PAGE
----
NEW YORK – For several years, and often several times a month, the Nobel laureate economist and New York Times columnist and blogger Paul Krugman has delivered one main message to his loyal readers: deficit-cutting “austerians” (as he calls advocates of fiscal austerity) are deluded. Fiscal retrenchment amid weak private demand would lead to chronically high unemployment. Indeed, deficit cuts would court a reprise of 1937, when Franklin D. Roosevelt prematurely reduced the New Deal stimulus and thereby threw the United States back into recession.
Well, Congress and the White House did indeed play the austerian card from mid-2011 onward. The federal budget deficit has declined from 8.4% of GDP in 2011 to a predicted 2.9% of GDP for all of 2014. And, according to the International Monetary Fund, the structural deficit (sometimes called the “full-employment deficit”), a measure of fiscal stimulus, has fallen from 7.8% of potential GDP to 4% of potential GDP from 2011 to 2014.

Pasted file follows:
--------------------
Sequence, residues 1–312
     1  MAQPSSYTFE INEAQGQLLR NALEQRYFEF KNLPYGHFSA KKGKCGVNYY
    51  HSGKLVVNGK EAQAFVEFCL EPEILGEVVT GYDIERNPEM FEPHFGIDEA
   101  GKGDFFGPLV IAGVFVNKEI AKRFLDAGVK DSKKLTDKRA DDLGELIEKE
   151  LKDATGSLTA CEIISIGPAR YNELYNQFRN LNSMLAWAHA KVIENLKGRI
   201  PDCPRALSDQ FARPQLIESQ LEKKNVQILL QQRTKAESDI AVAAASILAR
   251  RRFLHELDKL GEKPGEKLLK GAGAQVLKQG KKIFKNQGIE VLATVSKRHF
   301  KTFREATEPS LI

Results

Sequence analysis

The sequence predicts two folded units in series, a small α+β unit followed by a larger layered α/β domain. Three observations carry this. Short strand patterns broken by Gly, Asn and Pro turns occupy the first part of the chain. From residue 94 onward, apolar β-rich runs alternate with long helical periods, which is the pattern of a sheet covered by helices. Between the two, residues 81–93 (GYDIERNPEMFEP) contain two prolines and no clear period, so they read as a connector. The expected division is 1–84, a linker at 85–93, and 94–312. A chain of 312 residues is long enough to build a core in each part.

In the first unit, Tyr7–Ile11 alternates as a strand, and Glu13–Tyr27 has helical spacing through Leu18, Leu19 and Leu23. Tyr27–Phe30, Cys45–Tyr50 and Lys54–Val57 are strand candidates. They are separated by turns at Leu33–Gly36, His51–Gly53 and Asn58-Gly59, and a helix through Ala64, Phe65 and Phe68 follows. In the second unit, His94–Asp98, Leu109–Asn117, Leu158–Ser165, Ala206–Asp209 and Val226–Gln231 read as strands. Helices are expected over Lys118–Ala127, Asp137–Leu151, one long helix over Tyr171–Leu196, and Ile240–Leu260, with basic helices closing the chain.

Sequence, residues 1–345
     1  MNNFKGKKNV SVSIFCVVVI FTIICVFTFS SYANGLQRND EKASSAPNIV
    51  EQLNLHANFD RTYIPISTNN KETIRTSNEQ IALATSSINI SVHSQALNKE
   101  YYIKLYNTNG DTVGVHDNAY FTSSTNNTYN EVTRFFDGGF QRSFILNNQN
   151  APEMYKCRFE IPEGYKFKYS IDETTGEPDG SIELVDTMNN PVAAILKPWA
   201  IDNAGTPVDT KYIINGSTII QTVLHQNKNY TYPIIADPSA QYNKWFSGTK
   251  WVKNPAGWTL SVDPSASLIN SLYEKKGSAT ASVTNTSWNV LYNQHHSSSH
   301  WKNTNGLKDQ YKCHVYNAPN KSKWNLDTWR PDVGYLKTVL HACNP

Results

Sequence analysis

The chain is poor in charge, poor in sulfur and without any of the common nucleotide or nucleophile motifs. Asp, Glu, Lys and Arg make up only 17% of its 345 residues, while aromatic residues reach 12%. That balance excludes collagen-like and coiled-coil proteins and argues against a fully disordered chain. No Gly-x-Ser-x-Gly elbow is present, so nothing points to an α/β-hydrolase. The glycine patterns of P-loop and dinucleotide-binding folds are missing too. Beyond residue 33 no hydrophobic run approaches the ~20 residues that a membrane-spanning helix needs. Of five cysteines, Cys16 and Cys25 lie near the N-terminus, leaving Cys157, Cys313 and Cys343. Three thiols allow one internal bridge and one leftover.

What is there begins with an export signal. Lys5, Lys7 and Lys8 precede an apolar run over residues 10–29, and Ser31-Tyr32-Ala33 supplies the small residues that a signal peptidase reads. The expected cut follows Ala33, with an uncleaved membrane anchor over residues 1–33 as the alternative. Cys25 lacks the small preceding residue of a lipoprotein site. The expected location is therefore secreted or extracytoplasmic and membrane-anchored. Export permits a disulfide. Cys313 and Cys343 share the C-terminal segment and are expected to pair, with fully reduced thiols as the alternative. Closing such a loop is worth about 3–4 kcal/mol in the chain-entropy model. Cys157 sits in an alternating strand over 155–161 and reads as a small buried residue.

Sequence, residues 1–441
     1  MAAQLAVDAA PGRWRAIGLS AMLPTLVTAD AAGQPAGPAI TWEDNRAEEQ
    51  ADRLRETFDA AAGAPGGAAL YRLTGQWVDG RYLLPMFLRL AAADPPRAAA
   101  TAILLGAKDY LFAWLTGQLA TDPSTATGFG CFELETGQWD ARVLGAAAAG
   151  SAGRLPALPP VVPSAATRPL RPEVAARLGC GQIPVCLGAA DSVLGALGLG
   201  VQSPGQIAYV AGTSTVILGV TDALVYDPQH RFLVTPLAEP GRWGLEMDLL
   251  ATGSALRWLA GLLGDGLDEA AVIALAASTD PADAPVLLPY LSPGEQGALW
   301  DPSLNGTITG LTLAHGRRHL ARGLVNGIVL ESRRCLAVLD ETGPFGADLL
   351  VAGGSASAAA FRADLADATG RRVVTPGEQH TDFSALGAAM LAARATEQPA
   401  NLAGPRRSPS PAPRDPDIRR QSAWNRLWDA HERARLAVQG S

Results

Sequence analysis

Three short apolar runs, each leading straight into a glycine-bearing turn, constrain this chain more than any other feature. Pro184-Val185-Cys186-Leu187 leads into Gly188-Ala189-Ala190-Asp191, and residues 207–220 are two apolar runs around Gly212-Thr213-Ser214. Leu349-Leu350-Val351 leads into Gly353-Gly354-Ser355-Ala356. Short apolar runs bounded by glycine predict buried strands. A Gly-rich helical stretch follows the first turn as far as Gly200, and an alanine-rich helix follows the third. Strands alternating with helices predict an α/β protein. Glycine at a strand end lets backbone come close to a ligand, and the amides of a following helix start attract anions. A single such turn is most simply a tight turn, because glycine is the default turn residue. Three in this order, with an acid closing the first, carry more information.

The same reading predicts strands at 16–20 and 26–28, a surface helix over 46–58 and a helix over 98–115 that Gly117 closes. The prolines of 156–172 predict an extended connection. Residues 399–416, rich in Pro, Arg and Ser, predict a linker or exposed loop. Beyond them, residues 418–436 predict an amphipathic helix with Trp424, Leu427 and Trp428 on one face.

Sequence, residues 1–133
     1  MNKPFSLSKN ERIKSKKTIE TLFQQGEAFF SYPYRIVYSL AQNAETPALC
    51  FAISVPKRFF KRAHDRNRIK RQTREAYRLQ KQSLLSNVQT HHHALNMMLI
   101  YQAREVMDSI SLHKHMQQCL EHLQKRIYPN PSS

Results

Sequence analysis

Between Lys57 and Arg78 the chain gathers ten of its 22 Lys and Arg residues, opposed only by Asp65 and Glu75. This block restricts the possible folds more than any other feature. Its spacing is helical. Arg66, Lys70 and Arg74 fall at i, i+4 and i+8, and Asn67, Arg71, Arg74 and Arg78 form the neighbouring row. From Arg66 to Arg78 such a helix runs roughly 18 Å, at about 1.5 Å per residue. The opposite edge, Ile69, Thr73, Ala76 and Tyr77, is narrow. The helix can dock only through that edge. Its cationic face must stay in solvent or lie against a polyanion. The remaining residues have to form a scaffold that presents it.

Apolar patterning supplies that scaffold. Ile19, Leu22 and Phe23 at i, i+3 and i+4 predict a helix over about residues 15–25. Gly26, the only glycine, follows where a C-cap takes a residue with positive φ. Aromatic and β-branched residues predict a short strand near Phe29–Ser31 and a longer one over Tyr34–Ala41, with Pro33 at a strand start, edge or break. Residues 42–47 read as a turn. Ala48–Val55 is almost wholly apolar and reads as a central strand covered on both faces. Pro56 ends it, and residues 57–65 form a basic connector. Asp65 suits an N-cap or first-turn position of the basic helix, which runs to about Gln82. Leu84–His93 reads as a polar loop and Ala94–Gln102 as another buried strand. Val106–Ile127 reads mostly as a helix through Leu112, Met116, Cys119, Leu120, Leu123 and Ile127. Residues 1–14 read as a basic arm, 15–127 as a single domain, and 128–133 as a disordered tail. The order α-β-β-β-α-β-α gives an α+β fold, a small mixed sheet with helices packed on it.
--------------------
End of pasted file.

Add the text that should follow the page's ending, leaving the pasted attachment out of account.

Krugman has vigorously protested that deficit reduction has prolonged and even intensified what he repeatedly calls a “depression” (or sometimes a “low-grade depression”). Only fools like the United Kingdom’s leaders (who reminded him of the Three Stooges) could believe otherwise.
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